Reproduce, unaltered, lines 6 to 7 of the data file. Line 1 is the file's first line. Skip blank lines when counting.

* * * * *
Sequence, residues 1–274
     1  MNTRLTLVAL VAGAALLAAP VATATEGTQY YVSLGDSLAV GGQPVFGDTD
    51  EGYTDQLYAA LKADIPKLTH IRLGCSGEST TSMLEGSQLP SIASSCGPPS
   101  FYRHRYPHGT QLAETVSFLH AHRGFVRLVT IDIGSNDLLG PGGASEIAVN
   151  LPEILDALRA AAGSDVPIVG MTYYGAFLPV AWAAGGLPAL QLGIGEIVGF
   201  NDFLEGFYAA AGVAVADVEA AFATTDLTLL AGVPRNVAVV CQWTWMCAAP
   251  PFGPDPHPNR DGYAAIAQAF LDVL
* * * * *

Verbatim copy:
   201  NDFLEGFYAA AGVAVADVEA AFATTDLTLL AGVPRNVAVV CQWTWMCAAP
   251  PFGPDPHPNR DGYAAIAQAF LDVL